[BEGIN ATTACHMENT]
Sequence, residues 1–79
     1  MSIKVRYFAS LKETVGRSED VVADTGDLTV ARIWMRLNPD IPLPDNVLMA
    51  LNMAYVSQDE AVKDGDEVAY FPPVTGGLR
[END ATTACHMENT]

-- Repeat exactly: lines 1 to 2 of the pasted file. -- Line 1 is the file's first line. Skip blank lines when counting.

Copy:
Sequence, residues 1–79
     1  MSIKVRYFAS LKETVGRSED VVADTGDLTV ARIWMRLNPD IPLPDNVLMA